In January 2019 I returned from maternity leave. Everything was feeling strange, and it was a wrench leaving my baby for the first time. I vividly remember my first meeting, which was with Robert Glick OBE, chair of our newly formed Global Malnutrition Initiative Board: a group of socially minded philanthropists seeking to raise £20 million to catalyse new approaches to dealing with a devastating issue facing children – malnutrition.
Listening to Robert and my team, I knew that, thanks to Save the Children’s deep rooted community knowledge & expertise and with Robert’s passion, this was an area for children we could make a real and lasting difference to and I remembered what a privilege it is to work for Save the Children.
Over the last year, Robert and his board, working hand in hand with Save the Children, have raised an extraordinary £2.12 million seed funding from philanthropists, foundations, and corporates. We have put the seed funding straight to work, taking malnutrition treatment into the community in Kenya, directly treating children in Yemen and combating the effects of drought in Somalia. In October, we were delighted when Sir Mo Farah became Patron of this Initiative, which strikes huge resonance for him as a father of four and his connection to his country of birth, Somalia.
The statistics on malnutrition are so stark. For the first time in decades, global hunger is on the rise, and is linked to nearly half of deaths of children under the age of 5. If a child is hungry, their little bodies are much less able to fight off an infection, and a child with acute malnutrition* is 11 times more likely to die compared to a well-nourished child. Malnutrition is also associated with nearly half of pneumonia deaths.
It is one thing to read the statistics and another to see the need first hand. In December of last year, I traveled to the Turkana region in the northwest of Kenya, an arid, dry region home to 1 million pastoralists. We traveled for over 80km before meeting communities in Kerio town, with the occasional sight of a herd of goats and camels being looked after by the men of Turkana. Acute malnutrition rates in Turkana are consistently above the critical threshold of 15%, indicating a major public health concern which needs urgent action, and the adult literacy rate is 20%, one of the lowest in Kenya.
It is in this area of Kenya that Save the Children has been piloting a new approach to preventing, diagnosing and treating malnutrition, building on our existing knowledge and expertise. As an international community, we know how to stop malnutrition; when treated with specialised therapeutic food, medicines, and regular check-ups, 80% of children recover. However, what we are encountering is a challenge of access to treatment: only 1 in 5 malnourished children globally actually get treated in the first place, because health centres are simply too far away. This is not right.
In Turkana, we have been working alongside the Ministry of Health and other partners to bring health care into communities. Government health workers are an excellent resource for communities and they are already trained to recognise, treat and refer conditions such as diarrhoea, malaria and pneumonia. However, to date, the diagnosis and treatment protocol for malnutrition has been too complex for these workers, most of whom have low levels of literacy. Through our pilot scheme, we have simplified these protocols, and the workers are now trained to also spot, treat, and refer malnutrition within communities, without children having to make the arduous journey to remote health centres.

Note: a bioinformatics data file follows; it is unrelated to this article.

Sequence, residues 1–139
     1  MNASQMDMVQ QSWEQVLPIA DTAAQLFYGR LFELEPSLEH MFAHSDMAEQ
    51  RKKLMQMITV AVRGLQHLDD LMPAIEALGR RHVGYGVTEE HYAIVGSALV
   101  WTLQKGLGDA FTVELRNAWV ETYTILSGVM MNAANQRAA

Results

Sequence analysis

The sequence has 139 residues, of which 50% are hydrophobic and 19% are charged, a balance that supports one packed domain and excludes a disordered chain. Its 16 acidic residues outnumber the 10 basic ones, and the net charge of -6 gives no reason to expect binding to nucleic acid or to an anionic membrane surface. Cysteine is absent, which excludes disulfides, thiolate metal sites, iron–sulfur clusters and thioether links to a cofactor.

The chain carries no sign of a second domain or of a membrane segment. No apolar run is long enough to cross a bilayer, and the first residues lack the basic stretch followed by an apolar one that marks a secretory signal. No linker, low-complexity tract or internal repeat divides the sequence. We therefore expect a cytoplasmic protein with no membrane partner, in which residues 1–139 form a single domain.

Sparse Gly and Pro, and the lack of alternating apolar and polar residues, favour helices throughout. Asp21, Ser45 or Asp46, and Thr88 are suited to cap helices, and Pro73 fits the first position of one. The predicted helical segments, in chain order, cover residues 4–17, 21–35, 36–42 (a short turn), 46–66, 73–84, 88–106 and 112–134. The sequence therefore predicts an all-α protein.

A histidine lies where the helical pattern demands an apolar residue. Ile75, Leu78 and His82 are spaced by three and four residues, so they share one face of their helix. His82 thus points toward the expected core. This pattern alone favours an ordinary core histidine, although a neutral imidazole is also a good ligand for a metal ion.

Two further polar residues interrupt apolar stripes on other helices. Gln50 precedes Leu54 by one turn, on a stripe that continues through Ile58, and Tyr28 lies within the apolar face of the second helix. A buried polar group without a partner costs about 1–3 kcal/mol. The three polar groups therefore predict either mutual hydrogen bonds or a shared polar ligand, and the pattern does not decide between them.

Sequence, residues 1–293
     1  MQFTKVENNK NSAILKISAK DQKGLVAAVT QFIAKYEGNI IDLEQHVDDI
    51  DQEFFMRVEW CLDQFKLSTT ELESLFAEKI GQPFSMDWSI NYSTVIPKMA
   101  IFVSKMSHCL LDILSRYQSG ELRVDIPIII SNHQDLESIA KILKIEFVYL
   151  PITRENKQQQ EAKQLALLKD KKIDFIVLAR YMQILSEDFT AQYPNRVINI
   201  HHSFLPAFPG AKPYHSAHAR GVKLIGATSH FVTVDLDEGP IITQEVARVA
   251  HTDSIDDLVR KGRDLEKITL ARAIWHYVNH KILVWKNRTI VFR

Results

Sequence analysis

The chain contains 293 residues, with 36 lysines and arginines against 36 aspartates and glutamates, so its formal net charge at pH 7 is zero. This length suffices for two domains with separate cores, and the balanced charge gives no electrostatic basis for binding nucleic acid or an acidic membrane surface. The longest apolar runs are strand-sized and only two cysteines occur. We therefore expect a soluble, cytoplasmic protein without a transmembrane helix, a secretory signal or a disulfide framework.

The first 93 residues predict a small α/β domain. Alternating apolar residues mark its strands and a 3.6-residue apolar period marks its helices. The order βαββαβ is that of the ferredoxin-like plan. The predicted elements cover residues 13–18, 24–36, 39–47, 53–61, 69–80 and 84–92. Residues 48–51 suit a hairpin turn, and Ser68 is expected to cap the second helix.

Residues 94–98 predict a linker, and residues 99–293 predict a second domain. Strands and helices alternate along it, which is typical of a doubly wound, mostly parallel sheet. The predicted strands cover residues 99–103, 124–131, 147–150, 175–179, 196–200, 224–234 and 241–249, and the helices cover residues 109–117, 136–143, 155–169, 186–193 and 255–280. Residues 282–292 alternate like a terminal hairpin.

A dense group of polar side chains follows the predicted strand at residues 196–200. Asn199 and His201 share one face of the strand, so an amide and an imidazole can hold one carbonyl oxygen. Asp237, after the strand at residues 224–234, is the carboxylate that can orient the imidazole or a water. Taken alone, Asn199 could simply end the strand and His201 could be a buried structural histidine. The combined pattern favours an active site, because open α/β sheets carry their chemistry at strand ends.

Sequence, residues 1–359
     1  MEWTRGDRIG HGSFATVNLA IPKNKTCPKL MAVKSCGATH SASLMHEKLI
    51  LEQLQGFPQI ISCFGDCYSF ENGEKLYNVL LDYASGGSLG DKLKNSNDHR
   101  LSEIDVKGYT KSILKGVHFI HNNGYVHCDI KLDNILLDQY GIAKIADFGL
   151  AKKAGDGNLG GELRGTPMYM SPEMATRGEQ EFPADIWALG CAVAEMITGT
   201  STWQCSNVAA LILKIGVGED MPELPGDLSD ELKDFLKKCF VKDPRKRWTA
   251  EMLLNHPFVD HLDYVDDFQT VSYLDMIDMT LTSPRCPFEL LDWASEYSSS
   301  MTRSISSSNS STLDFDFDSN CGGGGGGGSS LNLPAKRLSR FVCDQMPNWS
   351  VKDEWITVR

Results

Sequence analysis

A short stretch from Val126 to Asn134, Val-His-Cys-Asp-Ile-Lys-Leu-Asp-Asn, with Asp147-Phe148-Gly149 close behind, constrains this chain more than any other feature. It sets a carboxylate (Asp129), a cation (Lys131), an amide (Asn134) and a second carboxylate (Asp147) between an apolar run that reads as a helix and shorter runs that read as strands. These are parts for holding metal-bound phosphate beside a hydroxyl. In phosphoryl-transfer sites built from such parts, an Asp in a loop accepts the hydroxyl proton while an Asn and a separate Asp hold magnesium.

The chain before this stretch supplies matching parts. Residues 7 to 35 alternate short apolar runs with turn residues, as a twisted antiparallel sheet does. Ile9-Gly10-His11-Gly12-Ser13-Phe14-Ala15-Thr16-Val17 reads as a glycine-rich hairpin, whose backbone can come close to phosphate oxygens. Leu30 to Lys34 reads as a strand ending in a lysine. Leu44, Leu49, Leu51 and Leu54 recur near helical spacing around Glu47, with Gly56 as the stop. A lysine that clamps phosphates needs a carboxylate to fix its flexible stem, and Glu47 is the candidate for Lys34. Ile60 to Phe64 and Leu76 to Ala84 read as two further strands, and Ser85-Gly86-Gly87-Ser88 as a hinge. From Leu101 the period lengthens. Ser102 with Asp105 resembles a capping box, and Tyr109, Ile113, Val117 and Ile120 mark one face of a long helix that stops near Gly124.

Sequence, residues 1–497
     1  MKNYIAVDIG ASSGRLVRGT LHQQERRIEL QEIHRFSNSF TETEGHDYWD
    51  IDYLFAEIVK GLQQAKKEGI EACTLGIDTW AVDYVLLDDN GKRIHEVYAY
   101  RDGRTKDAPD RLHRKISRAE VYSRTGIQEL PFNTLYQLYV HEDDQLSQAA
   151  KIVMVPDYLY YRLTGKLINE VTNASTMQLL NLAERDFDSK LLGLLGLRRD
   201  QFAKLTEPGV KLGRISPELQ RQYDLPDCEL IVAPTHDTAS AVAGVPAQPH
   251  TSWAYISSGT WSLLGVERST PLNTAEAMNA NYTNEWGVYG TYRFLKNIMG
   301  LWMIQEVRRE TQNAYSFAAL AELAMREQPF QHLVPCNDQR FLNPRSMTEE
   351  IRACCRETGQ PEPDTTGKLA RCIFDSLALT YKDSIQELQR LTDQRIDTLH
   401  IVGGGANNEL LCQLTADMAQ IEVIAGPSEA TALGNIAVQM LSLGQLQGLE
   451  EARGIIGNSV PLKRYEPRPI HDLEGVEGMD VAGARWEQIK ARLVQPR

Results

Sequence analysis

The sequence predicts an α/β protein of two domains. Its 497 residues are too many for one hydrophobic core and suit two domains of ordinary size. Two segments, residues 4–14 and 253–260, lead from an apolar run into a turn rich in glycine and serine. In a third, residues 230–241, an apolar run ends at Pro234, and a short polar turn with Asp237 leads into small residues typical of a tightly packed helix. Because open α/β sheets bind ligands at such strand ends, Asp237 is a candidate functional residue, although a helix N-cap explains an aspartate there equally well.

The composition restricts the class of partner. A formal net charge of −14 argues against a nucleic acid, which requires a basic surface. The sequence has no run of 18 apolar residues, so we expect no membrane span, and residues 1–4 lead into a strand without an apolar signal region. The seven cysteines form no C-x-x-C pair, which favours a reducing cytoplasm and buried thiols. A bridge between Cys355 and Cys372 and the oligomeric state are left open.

We visited one of Save the Children’s outreach posts, which are pop up facilities moving daily to 12 different sites over a period of two weeks and then returning to complete another rotation. There were hundreds of community members gathered there with their children, waiting to weigh their children and for health workers to measure levels of malnutrition using Middle Upper Arm Circumference bands. I was shocked and saddened to meet a five-year-old girl who weighed 11.3kg, the weight of my 22-month-old son. The children then went on to a shady tent for other volunteers to check they were able to hold down food and to receive their treatment. They were also checked for other infectious diseases, such as pneumonia, diarrhoea and malaria. If the child needed urgent medical attention, we arranged transport to get them to the nearest medical facility – over 80km away.
We have worked closely with the Kenyan government and other partners** in our pilot, with the Kenyan Ministry of Health providing leadership in the development of the study. Our joint aim is to use our Turkana learnings to influence how care is delivered closer to home for other malnutrition-prone areas of the country. It is our aim that, thanks to this approach combining treatment in health facilities and in the community, we will be able to reach 70% of children in need. Our work is also informing our approach in Somalia and Yemen, and vice versa, creating a body of evidence about the value of community-level treatment. The costs are relatively low, and the potential for influence is great. We are looking forward to more lifesaving work from the Global Malnutrition Initiative Board in 2020.
* Acute malnutrition is also known as ‘wasting’, when children are thin for their height because of acute food shortages or disease. Acute malnutrition is characterised by a rapid deterioration in nutritional status over a short period of time in children under five years of age.
**Action Against Hunger, International Rescue Committee, UNICEF and the World Food Programme